Felicie says "I'm sorry!" throughout the film. But you never get the sense that she means it or wouldn't do it all over again. And the film continually lets her off the hook by making everyone around her either enablers or almost completely evil. It's OK that she stole Camille's (voice of Maddie Ziegler) identity, because the little girl is such an arrogant, mean little snot. She deserves to stay in the dance school because she has heart and because Camille's mother, Regine (voice of Kate McKinnon), was buying her way in anyway and was being forced to dance rather than for the love of it.

At one point, Felicie is back at the orphanage all sad and pouty. Then she has a dream where she remembers her mother giving her a prized keepsake music box and telling her to follow her dreams. But she's remembering this moment when she is an infant! All the while, Felicie continues to dance on rooftops high above the ground where if she falls, it would mean certain death. This skill comes in handy because the film's climax has a vengeful Regine chasing the little girl up the scaffolding of the under-construction Statue of Liberty with a sledgehammer (!) all the while trying to ... maim and kill her!!!

Then, there are just the weird things that are wrong. It's a film set in the 1880s, but Luteau chases Felicie and Victor via motorcycle? The characters use terms like "barf bag" and "You suck?" A climactic performance of "The Nutcracker Suite" is set to a ... throbbing Carly Rae Jepsen dance song? Oh, and the film is basically "The Karate Kid" done with pirouettes instead of Crane kicks to the face. Felicie is coached in private by a once-great dancer named Odette (voice of Jepsen), who teaches her to dance with such non-traditional techniques as cleaning mirrors with her feet rather than her hands and spinning on a wagon wheel and then trying to hand-deliver a glass of water without dizzily falling.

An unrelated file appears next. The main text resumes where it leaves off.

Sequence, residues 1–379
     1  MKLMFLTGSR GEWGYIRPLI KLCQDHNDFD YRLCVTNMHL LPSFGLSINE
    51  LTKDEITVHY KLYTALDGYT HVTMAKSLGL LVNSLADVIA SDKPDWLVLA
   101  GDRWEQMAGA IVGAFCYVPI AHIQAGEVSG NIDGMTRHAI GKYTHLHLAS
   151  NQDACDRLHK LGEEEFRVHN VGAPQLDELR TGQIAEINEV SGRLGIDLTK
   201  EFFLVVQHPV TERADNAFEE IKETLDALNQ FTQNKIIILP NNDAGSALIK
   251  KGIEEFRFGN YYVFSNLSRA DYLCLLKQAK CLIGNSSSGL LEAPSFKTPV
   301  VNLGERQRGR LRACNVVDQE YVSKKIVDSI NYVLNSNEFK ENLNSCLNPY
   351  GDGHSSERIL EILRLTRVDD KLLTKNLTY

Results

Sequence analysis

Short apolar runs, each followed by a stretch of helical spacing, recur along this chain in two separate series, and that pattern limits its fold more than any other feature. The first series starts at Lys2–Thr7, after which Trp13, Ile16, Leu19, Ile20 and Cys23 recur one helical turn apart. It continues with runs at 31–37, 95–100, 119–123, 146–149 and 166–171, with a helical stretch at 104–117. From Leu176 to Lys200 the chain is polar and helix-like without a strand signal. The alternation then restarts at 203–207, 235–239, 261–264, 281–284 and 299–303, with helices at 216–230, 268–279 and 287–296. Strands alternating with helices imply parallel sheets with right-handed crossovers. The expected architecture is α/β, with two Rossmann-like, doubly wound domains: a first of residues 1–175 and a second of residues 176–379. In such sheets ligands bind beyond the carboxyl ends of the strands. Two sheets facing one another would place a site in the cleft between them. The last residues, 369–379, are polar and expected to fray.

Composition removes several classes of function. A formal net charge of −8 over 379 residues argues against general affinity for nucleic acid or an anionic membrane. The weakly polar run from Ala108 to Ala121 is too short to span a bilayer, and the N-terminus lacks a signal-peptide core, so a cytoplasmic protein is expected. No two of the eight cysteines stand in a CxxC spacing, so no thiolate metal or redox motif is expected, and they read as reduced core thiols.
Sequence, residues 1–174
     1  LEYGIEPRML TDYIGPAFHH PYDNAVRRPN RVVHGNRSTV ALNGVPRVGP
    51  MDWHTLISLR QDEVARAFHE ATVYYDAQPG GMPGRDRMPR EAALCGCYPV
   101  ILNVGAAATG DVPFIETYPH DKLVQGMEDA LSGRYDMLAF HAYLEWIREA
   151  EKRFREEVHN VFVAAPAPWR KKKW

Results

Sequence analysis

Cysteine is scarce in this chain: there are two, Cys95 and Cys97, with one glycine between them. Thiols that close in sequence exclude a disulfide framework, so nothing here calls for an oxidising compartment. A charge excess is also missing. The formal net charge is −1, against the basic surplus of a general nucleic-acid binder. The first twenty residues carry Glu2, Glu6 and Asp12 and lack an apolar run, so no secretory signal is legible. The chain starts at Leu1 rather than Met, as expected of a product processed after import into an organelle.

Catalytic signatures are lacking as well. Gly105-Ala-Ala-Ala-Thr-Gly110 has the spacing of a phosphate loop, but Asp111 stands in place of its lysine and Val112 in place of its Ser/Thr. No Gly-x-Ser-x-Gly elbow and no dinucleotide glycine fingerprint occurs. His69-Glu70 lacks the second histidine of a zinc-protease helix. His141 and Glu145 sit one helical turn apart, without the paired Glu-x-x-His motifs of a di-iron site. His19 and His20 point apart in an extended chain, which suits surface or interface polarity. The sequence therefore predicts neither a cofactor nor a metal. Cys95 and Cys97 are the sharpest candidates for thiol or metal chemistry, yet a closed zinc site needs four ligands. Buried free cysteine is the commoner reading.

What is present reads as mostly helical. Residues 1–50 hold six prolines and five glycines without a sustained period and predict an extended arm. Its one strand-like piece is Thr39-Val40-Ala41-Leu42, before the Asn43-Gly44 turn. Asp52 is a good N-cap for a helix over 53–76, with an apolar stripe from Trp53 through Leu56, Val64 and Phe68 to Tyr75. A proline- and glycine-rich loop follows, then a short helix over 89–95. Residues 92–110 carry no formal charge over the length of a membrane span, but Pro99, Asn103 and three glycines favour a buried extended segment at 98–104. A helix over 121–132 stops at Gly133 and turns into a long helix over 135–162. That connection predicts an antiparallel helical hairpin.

This film was released in Europe and elsewhere as "Ballerina" in 2016. Some of the voices have been changed. But the story has basically stayed the same. The flick may have your littlest ones dancing out of the theater and wanting to be Felicie. But don't be surprised when your little darling also pushes down her friend who also wants to be a dancer and mutters something like "No mercy!" I've tried to warn you. "Leap!" rates a 3 out of 10. (T. Durgin)

Reviewed August 19, 2017 / Posted August 25, 2017